A week ago, researchers from Purdue University demonstrated an impressive proof-of-concept of a new type of cooling that is capable of handling chips that generate 1000W of heat per square centimeter. That's over 10 times as much as conventional high-performance chips!
The feat is achieved by changing the design of microelectronics to feature an intricate series of tiny microchannels within the chip itself. These microchannels are just a few microns wide and use HFE-7100, an electrically insulating commercially available fluid. The fluid is pumped over the heat source, it boils inside the microchannels and this results in much greater cooling efficiency than traditional cooling methods with heatsinks or waterblocks that are attached to a chip's heatspreader.
Besides applications in supercomputers and high-performance radar electronics, this DARPA-funded research could also be a solution for the cooling problems of future 3D-stacked CPUs or GPUs.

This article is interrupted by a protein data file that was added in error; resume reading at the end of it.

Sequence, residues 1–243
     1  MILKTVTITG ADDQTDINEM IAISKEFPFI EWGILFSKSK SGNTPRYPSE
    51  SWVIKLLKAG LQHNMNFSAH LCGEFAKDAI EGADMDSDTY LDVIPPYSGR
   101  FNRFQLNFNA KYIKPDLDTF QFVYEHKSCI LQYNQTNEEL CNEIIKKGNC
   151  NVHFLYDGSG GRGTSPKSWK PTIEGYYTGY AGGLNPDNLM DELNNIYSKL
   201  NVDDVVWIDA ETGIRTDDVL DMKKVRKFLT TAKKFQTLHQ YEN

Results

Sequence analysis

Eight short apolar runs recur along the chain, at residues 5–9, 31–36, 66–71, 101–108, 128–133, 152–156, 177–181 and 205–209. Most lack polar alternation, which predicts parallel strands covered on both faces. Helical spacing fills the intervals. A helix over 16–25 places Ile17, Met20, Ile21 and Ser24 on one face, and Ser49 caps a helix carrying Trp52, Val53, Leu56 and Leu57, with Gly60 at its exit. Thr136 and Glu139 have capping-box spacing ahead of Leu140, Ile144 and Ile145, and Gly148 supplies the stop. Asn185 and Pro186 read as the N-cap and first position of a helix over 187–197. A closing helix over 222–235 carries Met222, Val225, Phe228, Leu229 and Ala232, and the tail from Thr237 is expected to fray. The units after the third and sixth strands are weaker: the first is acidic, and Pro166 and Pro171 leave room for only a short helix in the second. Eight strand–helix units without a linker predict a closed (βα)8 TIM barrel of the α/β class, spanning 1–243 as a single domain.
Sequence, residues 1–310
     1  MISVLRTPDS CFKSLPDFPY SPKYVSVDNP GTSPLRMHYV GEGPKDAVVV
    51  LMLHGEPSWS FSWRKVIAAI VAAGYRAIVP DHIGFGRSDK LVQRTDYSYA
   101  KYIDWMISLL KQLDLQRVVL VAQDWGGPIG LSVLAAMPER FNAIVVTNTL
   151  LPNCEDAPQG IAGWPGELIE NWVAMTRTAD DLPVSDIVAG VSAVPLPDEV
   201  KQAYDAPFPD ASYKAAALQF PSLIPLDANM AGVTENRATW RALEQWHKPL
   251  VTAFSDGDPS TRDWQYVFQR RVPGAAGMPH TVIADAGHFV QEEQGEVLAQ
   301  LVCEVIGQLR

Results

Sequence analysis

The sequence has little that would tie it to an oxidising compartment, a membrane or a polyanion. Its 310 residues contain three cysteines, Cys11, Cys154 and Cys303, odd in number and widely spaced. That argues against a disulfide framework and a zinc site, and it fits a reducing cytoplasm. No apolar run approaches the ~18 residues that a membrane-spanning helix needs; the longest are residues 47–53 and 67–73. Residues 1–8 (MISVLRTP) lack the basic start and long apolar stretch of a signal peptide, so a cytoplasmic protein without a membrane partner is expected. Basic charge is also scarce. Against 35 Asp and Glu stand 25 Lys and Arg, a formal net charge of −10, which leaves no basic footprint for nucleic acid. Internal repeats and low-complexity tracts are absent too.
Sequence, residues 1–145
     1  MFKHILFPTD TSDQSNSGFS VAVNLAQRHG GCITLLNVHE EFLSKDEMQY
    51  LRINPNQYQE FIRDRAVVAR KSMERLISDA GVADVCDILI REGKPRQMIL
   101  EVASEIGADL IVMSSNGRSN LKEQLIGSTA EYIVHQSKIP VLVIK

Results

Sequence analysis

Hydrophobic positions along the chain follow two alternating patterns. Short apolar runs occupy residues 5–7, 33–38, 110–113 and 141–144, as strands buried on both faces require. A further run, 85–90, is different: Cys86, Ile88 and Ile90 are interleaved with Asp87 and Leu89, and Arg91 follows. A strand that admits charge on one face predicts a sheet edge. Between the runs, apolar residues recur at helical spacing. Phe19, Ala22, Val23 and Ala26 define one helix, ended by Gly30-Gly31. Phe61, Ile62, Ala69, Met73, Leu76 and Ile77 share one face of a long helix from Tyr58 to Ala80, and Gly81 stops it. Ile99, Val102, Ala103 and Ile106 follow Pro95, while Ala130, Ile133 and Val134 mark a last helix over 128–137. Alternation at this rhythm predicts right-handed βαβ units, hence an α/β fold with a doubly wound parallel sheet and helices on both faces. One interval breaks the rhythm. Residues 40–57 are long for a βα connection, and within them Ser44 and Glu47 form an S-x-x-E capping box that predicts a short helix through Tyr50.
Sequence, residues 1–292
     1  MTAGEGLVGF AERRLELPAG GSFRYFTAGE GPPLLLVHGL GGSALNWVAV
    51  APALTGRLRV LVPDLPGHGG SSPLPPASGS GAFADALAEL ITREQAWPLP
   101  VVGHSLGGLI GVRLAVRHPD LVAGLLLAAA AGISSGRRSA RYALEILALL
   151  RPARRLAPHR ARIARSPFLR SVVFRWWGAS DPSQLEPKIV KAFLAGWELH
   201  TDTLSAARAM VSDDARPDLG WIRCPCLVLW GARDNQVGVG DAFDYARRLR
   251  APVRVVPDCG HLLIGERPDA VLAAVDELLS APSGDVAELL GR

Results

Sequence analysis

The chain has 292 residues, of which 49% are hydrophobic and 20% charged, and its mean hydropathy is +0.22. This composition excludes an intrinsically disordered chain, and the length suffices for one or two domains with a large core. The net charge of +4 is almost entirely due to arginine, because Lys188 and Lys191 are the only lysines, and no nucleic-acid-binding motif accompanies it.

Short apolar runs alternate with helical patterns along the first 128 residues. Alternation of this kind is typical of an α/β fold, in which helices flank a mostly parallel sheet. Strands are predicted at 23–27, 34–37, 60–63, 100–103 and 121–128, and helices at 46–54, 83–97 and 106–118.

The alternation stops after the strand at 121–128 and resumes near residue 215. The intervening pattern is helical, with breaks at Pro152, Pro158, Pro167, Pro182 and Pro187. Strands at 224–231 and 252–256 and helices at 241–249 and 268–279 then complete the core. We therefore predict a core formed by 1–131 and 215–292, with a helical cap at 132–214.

“Allowing the liquid to boil dramatically increases how much heat can be removed, compared to simply heating a liquid to below its boiling point,” he said.
The team created an elaborate testing apparatus that simulates the heat generated by real devices. An array of heaters and temperature sensors allow the researchers to test the system under a range of conditions, including the effects of hot spots. The testing system was fabricated at the Birck Nanotechnology Center.
The new approach improves efficiency by eliminating the need to attach cooling devices to chips.
“Any time you are attaching heat sinks to the chip there are a lot of resistances and inefficiencies associated with that interface,” Garimella said.
This interfacial, or “parasitic,” thermal resistance limits the performance of heat sinks.
“We are going to a technology that eliminates those interfaces because the cooling is occurring inside the chips,” Weibel said.
Using ultra-small channels allows for high performance.